Campus Audio

In Modern Learning Environments, Instructional Audio Isn’t Optional

By Ray Young

The secret is out: One of the best ways to boost student achievement is to ensure your students can clearly hear their teacher and classmates.

Decades of research have demonstrated the crucial link between instructional audio and student achievement. In addition to reducing teachers’ vocal strain, instructional audio has been proven to increase participation and engagement among all students—not just those with hearing loss.

young girl holding cupping her hand around her ear to hear

While the educational value of good acoustics is well-documented, it is not always considered in classroom design. According to a report from the American Speech-Language Hearing Association (ASHA), the acoustical properties of classrooms are often the “forgotten variables” in ensuring students’ academic success—and many U.S. classrooms do not meet preferred acoustic standards.

To design learning environments that are truly “modern,” K–12 leaders must recognize the critical link between speech intelligibility and learning. Instructional audio has gone from something that should be done to something that must be done.

Here’s why.

Modernizing Classroom Design

Today’s classrooms are active spaces where learning occurs throughout the classroom and beyond. There may be a small group working in the hallway on a project, students progressing individually, and yet another group getting direct instruction.

Without an instructional audio system in place, the following barriers can greatly impede teaching and learning:

  • Hearing loss: Mild hearing loss is pervasive. About 2 to 3 out of every 1,000 children in the United States are born with a detectable level of hearing loss in one or both ears.
  • Voice strain: Teaching is considered a high-risk occupation for voice disorders. Nearly 600,000 teachers miss at least one day of work per year because of voice issues.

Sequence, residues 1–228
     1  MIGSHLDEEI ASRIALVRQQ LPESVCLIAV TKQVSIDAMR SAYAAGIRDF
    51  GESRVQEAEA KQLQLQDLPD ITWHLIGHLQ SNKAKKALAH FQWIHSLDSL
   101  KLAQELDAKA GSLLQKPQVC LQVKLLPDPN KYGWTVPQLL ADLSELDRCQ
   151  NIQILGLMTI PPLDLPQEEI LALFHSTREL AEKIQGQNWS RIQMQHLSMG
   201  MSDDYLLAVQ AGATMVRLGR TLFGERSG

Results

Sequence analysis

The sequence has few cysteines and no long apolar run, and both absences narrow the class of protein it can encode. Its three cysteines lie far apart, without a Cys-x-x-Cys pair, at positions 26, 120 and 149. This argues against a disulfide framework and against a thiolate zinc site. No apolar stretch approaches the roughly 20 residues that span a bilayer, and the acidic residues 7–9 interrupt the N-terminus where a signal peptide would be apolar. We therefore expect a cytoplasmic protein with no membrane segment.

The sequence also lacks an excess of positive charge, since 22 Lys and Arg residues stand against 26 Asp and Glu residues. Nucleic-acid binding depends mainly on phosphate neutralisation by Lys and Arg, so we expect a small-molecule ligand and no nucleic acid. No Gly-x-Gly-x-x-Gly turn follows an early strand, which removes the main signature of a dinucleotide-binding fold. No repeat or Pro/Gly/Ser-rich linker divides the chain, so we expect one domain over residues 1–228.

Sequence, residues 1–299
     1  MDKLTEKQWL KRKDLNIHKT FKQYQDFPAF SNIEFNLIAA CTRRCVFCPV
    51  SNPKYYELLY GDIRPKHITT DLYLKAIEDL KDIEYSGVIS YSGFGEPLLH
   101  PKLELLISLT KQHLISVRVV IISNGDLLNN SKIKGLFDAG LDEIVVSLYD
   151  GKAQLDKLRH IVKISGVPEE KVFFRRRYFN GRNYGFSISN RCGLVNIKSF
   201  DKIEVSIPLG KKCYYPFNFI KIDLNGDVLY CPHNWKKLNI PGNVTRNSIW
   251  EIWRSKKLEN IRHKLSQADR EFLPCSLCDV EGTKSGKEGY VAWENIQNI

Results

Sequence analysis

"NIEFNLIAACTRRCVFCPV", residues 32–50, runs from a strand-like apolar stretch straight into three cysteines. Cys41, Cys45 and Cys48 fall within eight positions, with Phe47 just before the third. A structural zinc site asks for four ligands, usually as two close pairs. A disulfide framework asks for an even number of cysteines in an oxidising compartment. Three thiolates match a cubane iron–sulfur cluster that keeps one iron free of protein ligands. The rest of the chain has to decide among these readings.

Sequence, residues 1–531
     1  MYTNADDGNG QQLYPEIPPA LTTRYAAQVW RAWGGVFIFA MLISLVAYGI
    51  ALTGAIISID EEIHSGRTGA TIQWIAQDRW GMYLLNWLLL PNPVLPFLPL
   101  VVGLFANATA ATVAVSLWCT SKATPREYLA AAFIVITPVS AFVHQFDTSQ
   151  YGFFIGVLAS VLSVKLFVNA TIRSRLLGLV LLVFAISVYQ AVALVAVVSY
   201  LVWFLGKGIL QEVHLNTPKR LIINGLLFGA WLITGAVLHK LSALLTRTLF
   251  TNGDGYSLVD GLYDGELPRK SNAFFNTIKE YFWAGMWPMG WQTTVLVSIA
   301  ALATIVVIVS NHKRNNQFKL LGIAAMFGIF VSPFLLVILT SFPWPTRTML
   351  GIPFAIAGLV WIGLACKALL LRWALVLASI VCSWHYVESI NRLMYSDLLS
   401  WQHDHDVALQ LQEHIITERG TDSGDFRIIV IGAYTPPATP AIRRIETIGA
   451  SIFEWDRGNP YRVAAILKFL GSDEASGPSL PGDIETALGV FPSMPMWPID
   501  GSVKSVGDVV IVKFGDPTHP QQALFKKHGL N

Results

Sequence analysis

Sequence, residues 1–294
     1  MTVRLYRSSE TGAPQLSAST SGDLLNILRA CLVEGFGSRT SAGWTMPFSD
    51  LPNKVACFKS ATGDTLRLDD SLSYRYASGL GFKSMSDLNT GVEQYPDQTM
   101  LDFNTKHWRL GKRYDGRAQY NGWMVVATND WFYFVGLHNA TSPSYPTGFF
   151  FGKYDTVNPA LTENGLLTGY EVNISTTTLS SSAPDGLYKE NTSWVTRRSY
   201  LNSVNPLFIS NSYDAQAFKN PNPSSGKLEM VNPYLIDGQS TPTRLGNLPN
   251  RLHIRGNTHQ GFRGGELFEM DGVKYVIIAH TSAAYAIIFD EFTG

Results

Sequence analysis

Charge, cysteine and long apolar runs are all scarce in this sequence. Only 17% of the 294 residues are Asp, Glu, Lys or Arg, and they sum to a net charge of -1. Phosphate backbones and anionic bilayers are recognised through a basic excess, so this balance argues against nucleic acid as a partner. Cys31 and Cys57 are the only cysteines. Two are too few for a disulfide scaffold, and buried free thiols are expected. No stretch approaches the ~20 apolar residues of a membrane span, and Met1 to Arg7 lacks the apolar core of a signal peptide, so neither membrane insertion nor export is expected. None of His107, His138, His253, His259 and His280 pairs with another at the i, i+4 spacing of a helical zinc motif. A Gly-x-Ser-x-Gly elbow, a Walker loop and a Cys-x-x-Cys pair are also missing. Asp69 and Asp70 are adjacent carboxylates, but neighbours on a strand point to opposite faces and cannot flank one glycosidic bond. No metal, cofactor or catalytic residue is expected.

• Distance: Students seated at the back of the room get less access to their teacher’s voice. Per the inverse square law, distance decreases the “signal strength” and sound intensity.
  • Noise: To achieve LEED certification, a classroom’s background noise level must not exceed 45 dBA—which can be difficult to achieve. Using even the most conservative of research studies, the aggregation of classroom background noise typically ends up around 60 dB.

Today’s learning environments look, sound, and feel much different. Remote, hybrid and other modalities are much more common, as instruction has long since evolved from “sit and get”.

Considering that almost all of the nation’s largest 20 districts will offer remote learning options for the 2022–23 school year, school and district leaders need to factor in how to make amplification systems work for all students, regardless of where learning is taking place. 

Preparing for the Future

As instructional strategies, goals and priorities shift, K–12 leaders must carefully consider how they can improve classroom design to support educators and students.

Instruction needs to focus on the unique needs and strengths of every student—likely in open community classrooms where many students have individualized instruction plans. This could mean fewer teachers per student, students more likely to collaborate with peers who aren’t physically present, and increased demand for both audio and video solutions.

Active learning environments benefit students in many ways—but when a teacher needs to communicate with the entire class, too often the only solution is to raise their voice. This is ineffective. Not only does it drain teachers’ energy and cause vocal strain, but speaking above a conversational tone can raise stress levels for some students.

Modern learning environments must also be built to accommodate growing priorities, like social-emotional learning (SEL). To support SEL, teachers must be able to communicate clearly (and capture students’ attention) without raising their voice. With an instructional audio system in place, teachers can ensure every student hears every word—regardless of where they are sitting or their unique learning needs.

Instructional Audio Provides a Simple Solution

Implementing instructional audio into classrooms and other learning environments can help K–12 leaders solve many of the challenges they are facing today—and also help them prepare to meet the changes that will inevitably come tomorrow.  

Instructional audio is easy to implement, simple for teachers to use, and has been proven to positively impact students. Whether they are seeking to modernize their campuses, prioritize inclusivity or enhance classroom design, K–12 leaders can look to instructional audio as a simple, impactful solution.

Ray Young is the director of education design and development at Lightspeed Technologies.